Cuba, the land of Che Guevara and Fidel Castro has a certain ‘romantic’ revolutionary ring to it. Let’s explore what this Caribbean island has to offer! Expect idyllic colonial towns, pristine beaches, vintage cars. However, we will also experience the downsides of decades of a communist, socialist regime…
Plan your itinerary beforehand
During this road trip, we started in Havana and made our way West up to Camaguey. Originally we planned to drive all the way to Santiago de Cuba on the West Coast. Although Cuban roads are in fair condition and desolate, they still are not the fastest roads in the world. On top of this, realize that Cuba is huge! To give you an idea: The fastest route from Havana to Santiago de Cuba (and back) takes you 24 hours, this does not include any scenic routes or stops. Santiago de Cuba is supposed to be a nice town to visit, in addition, it is close to the US naval base & detention camp Guantanamo Bay, of which you can have a peak from the hills around it.
Downsides of Communism
Cuba is one of the few remaining ‘true’ communist regimes in the world. Meaning its citizens earn low amounts of money, most businesses are state-owned and the state provides for its citizens with free healthcare, free schooling and via food coupons (see a food distribution point below).
However, heavily depending on sugar export and facing various sanctions, Cuba has been going through some rough financial times over the years and have started to rely more and more on other sources of income, like tourism.
Two different currencies
Introducing these relatively very rich tourists, made things very complex, especially if you like to maintain the original socialist setup of low wages. Hence Cuba introduced a different currency; the Convertible Peso (CUC). The local population is not allowed to (personally) possess this currency, neither are they allowed to change it to their currency the Cuban Peso (CUP). This obviously poses many problems, especially where the tourists interact with the local population, paying for services and products. This also meant that having a job in Tourism is likely far better paying than in any other sector (if only because of tipping).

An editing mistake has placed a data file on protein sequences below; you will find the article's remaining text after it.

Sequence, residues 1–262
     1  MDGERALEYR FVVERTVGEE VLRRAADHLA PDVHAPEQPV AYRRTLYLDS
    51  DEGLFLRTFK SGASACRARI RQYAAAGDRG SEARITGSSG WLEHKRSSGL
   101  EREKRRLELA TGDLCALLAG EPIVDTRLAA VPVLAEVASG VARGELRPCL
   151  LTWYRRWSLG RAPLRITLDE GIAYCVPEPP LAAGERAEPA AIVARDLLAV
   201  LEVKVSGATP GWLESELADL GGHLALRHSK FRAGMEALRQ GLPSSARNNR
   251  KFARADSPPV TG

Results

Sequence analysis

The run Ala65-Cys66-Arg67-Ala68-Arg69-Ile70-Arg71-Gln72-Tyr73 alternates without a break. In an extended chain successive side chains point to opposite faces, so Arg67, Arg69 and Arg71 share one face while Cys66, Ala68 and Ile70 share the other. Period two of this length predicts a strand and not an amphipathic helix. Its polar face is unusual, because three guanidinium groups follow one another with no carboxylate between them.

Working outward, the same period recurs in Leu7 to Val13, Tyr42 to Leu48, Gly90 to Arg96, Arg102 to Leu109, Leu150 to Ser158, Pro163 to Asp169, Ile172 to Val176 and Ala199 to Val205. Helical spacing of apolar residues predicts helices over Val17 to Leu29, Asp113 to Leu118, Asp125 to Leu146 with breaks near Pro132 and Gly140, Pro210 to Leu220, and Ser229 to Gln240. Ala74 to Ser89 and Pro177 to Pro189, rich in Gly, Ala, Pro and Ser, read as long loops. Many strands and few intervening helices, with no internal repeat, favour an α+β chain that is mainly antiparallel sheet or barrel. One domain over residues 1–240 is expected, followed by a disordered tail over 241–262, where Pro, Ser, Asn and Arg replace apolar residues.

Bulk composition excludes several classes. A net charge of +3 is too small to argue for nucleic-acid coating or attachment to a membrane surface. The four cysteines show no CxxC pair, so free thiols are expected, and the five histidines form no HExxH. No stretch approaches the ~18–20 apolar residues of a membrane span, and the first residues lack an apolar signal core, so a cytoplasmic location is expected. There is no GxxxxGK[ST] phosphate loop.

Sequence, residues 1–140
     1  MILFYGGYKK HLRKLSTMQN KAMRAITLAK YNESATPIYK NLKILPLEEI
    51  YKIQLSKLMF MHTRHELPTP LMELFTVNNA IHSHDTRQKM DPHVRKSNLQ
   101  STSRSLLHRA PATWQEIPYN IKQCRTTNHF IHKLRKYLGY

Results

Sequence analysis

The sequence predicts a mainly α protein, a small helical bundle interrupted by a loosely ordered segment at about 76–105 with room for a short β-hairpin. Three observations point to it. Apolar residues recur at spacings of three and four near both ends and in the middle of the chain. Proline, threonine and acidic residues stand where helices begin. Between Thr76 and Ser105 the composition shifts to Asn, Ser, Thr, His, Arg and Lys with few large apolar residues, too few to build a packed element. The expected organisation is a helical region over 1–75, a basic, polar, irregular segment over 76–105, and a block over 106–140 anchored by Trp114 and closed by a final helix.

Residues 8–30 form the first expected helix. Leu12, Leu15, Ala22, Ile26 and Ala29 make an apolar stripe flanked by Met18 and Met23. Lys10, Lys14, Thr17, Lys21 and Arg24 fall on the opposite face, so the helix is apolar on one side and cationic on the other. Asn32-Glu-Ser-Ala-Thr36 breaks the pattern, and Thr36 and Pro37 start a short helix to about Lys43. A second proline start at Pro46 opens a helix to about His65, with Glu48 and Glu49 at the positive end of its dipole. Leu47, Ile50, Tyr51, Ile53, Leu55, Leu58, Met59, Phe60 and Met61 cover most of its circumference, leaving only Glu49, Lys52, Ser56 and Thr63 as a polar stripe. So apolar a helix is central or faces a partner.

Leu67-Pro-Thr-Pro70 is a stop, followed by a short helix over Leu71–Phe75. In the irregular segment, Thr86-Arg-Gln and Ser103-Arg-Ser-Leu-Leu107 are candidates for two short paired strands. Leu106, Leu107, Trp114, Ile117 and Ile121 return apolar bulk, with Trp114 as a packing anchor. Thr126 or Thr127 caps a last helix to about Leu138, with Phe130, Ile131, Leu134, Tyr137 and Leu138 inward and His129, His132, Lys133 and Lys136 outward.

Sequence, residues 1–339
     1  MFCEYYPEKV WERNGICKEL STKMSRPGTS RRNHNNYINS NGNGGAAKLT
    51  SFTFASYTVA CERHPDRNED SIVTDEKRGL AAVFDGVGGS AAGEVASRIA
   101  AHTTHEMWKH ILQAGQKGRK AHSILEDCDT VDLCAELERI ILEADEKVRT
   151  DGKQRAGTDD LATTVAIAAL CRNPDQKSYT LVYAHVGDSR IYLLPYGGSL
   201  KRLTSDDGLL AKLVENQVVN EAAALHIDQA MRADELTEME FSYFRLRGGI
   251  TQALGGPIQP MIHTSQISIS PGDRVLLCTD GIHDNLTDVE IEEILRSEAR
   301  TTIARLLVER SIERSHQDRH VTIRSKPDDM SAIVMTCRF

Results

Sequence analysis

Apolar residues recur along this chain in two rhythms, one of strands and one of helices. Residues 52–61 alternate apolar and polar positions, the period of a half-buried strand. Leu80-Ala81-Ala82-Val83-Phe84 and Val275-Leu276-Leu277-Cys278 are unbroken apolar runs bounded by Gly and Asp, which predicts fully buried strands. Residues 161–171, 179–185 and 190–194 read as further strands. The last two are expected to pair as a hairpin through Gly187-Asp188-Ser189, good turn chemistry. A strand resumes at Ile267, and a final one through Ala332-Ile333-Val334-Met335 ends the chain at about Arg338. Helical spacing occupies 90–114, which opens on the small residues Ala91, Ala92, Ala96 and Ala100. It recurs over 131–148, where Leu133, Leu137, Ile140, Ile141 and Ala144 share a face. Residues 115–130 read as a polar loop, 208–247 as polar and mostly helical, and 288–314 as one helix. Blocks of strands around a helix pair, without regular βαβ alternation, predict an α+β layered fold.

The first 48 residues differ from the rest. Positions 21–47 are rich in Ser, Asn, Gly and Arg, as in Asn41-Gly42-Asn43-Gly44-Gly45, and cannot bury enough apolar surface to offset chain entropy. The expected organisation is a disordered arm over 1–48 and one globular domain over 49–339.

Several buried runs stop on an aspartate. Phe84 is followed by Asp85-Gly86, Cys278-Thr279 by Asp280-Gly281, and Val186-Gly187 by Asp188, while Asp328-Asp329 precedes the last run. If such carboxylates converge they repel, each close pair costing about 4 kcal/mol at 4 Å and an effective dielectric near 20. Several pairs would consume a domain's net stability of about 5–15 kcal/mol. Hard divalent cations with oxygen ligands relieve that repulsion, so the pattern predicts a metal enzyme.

US Dollars undermining Socialism
In addition, the Cuban government allowed foreign currencies to be sent to its citizens. This especially got out of hand when allowing the US Dollar to be sent, most of it coming from Cuban family members residing in Florida. This meant a steep increase in prices and made it possible for families to buy luxury goods, like refrigerators and other non-Cuban produced goods. Obviously, only the Cubans with US family members benefited from this, meaning decades of equality were broken.
Beware of tourist scams especially in Havana
The introduction of Tourism money and US dollars, and likely far more other factors, slowly led to inequality. This has made the local population (even more) corrupt and this also has its downsides to tourists, especially in Havana. Beware of the many tourist traps, if people are behaving nice, do treat them with caution. Let me give you an example:
We were walking down the streets of Havana, having a peek in one of the stores where the local population can spend their coupons for food. A friendly Cuban couple explained the process. They invited us for a drink in a bar where also the “Buena Vista Social Club” had played (I cannot even count how often I heard that claim, ever since).